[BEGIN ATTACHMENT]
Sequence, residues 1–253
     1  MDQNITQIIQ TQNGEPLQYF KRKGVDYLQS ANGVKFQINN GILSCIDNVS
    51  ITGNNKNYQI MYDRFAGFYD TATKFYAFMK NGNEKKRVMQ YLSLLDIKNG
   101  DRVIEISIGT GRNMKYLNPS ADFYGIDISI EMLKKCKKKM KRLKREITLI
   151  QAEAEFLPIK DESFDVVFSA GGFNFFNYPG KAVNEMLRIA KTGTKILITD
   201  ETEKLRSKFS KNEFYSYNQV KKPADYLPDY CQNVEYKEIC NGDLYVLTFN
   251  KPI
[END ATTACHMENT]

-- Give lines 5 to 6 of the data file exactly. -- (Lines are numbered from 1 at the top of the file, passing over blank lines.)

   151  QAEAEFLPIK DESFDVVFSA GGFNFFNYPG KAVNEMLRIA KTGTKILITD
   201  ETEKLRSKFS KNEFYSYNQV KKPADYLPDY CQNVEYKEIC NGDLYVLTFN